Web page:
LUVERNE, Minn. — It is orthodoxy in our society to pity the person who has earned nothing more than a high-school diploma. There is endless chatter in the media about the limitations undereducated Americans will face: lower salaries, fewer benefits, passed over for one promotion after another.
There must be exceptions, right? There are always exceptions. 24-year-old Jordan Bielefeld is one of them.
I am driving with Bielefeld through Luverne, in Rock County, on our way to one of his many southern Minnesota worksites. He is a project manager for a crew of technicians who service those giant wind turbines that seem to be almost multiplying in the soil here.
I can ask him anything about these towering wind beasts, and he will answer with a palpable passion for his work. At first I can’t tell if his passion is for doing good work or for doing this work specifically. It quickly becomes clear that it is both.
We turn off onto a dirt road with a “No Trespassing” sign posted and he’s telling me about the time he got to wave to his small children from atop a turbine (they loved it — you can imagine). Next he is telling me about the time he thought he might die on one (you would not be surprised to learn that changing the turbine blades is a harrowing experience). His passion has been replaced by deep reverence.
That reverance is there again when he opens a door at the base of the turbine and we step inside. He warns me not to tough anything. We’re looking at the brains and the bowels of the thing. He tells me how much electricity is flowing through the massive strips of copper we are staring at; he speaks softly.
Bielefeld was working at a sock factory in Osage, Iowa, when he heard about a job at Outland Energy Services almost two years ago and landed it. It was not the job he has now — he seems to want to climb whatever career ladder is in front of him, and he’s been climbing quickly at Outland. When we put out word that we were looking to connect with young people in rural Minnesota to talk about their work, an Outland executive encouraged Bielefeld to be in touch.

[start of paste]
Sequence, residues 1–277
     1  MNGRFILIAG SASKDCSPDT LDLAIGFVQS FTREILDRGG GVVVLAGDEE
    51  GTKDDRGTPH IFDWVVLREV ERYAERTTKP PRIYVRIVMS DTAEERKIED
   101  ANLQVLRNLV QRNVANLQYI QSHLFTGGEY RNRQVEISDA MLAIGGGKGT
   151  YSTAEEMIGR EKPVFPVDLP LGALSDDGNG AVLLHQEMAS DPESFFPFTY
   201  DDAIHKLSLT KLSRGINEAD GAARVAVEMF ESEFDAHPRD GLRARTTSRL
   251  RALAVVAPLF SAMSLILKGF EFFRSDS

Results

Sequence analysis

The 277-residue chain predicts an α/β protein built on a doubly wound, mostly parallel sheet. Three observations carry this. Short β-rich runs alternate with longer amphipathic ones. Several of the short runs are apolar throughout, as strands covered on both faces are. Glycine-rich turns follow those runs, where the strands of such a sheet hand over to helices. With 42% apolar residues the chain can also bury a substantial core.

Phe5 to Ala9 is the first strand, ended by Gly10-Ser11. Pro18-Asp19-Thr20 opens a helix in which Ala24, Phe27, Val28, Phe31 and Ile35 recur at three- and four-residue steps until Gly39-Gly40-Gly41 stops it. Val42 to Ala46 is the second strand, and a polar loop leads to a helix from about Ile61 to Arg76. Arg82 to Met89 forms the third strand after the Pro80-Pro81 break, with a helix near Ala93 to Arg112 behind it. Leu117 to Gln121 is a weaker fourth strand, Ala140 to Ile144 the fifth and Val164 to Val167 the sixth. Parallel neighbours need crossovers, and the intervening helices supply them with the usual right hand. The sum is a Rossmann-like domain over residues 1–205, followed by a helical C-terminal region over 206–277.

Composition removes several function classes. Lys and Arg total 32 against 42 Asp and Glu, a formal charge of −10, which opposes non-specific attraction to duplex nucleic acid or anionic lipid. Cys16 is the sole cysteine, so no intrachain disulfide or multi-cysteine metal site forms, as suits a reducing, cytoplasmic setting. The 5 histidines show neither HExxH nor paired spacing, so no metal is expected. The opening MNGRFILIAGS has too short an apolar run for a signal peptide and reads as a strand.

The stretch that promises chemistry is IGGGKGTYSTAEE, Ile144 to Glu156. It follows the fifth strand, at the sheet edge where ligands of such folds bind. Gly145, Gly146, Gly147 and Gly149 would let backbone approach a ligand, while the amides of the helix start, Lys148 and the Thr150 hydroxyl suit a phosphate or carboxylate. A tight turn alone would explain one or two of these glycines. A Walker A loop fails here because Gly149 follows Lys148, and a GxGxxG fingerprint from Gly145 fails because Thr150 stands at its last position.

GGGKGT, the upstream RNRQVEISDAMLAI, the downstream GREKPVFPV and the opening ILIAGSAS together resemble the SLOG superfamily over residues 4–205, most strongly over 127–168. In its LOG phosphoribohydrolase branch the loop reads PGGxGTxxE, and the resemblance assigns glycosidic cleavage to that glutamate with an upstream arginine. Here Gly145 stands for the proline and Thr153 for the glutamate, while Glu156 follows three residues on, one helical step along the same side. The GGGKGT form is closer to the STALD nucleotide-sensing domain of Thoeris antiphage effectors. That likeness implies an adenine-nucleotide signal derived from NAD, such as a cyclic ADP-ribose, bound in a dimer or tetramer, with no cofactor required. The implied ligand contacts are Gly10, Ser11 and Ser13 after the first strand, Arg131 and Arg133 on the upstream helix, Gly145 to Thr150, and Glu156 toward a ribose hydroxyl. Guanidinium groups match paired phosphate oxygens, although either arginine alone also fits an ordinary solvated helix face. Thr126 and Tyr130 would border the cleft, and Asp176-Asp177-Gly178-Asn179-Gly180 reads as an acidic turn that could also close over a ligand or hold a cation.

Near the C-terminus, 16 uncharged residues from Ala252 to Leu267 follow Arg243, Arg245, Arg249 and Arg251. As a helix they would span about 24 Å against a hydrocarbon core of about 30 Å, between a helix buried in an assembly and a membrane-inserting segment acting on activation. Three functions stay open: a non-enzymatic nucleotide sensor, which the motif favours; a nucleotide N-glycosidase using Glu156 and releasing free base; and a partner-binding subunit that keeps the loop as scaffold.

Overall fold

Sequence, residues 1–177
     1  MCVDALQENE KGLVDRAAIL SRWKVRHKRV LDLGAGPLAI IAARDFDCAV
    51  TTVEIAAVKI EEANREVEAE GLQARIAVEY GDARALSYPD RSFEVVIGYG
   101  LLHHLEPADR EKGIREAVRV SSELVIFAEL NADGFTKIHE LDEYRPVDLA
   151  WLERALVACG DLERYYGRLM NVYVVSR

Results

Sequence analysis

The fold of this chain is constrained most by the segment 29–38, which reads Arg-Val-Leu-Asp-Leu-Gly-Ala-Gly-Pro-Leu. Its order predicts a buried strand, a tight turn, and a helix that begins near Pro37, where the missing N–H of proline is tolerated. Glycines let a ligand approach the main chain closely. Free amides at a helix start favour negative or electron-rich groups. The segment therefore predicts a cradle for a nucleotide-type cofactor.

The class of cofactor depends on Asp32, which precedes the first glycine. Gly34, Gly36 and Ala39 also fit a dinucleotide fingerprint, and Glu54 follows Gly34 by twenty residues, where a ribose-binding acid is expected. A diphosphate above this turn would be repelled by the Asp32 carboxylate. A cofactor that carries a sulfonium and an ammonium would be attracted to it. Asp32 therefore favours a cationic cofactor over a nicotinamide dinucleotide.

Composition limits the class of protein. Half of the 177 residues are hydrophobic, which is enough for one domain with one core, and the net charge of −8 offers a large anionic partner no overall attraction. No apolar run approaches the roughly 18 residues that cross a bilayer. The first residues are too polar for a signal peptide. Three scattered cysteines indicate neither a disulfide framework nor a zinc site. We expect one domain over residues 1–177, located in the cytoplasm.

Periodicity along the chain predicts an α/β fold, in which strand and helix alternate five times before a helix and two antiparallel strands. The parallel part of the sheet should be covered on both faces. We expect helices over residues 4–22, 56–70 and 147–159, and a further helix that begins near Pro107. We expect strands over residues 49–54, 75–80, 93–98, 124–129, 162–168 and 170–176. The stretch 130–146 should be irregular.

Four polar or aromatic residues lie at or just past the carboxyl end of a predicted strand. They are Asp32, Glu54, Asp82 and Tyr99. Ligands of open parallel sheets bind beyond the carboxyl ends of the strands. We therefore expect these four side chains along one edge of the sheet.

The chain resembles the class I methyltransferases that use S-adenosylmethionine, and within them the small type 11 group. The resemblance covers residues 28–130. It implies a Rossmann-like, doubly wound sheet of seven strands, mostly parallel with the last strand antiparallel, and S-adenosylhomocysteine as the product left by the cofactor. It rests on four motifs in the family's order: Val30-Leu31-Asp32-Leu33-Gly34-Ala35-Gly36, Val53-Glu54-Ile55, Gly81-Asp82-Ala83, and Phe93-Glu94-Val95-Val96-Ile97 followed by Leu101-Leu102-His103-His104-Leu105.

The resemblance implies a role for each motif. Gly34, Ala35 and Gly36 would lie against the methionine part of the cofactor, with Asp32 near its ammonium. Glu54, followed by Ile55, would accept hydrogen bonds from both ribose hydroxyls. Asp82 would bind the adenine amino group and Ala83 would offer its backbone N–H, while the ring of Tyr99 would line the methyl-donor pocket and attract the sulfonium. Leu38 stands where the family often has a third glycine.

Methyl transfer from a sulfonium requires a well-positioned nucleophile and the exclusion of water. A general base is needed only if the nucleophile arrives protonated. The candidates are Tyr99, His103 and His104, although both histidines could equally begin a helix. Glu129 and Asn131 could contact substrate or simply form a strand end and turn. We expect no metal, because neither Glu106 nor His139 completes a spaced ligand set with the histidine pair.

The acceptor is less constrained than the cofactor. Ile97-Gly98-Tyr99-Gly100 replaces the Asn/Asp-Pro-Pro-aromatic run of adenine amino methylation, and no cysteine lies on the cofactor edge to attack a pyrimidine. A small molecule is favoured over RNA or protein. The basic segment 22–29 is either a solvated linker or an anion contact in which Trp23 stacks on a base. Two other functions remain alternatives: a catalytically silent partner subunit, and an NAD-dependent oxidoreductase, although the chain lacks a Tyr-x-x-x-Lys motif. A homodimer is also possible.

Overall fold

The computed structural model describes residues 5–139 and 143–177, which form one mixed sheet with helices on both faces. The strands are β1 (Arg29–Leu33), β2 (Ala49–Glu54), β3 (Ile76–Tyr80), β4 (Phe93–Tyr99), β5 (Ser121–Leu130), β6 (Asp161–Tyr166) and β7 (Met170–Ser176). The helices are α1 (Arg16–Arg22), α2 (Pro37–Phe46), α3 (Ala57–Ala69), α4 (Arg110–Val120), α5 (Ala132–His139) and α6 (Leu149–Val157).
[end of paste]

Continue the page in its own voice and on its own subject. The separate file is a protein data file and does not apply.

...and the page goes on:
“I strive to become the best of what I do every day,” he says to me. It is easy to string those words together like that, but it is really rare to mean it.
For a young person living in rural Minnesota without a college degree, being the best does not guarantee opportunity. You need to be the best for somebody who can pay you for it. For Bielefeld, it is the wind industry. For many others too.
Wind industry opened opportunities
“Wind opened up a lot of different opportunities in rural areas,” he says. “Lots of construction work — a lot of cement goes into those bases. There are the designers and surveyors. There is work for electricians. The transformers are liquid transformers with mineral oil in them, and the levels have to be watched by people trained to do that work.”
Bielefeld sees himself working in this expanding industry for the long haul. But what if wind had not come along? He says he would have opened a shop to work on cars. He’s been working on cars for years — and tractors before that. And by “working on” I mean actually working.
“As far as I look back I had some sort of job,” he says. “I was either helping my grandpa on the farm baling hay, or my uncles around their places with odd jobs. I went from that right into working at a tractor implement company when I turned 15.”
Qualities necessary for success
He did a little time at a small college in Wyoming, but got restless. He says he has qualities that can’t be taught in college. Passion and reverance should be on that list. He adds another: “I want to learn the ins and outs of every single thing I deal with,” he says. “If you don’t have that — yeah, college helps a lot of people get in the door, but are you going to be successful?”
And that is the thing we never talk about. The pitch for a college education is all about getting in the door. What about once you walk through that door? Will college help you then? Maybe. But so will being passionate, reverant, and driven. There aren’t degrees for those things.
And what if not going to college can actually be an advantage? Without a college degree, you have to work hard to prove yourself; you can’t just wave a piece of paper.
Maybe it would be hasty to treat Bielefeld’s story as a parable. After all, there are plenty of driven, passionate people who are denied opportunity every day because of their race, ethnicity or gender. But it would be downright irresponsible not to let his story be a challenge to the messages we send to ambitious young people who buck orthodoxy and jump right into the work of being exceptional.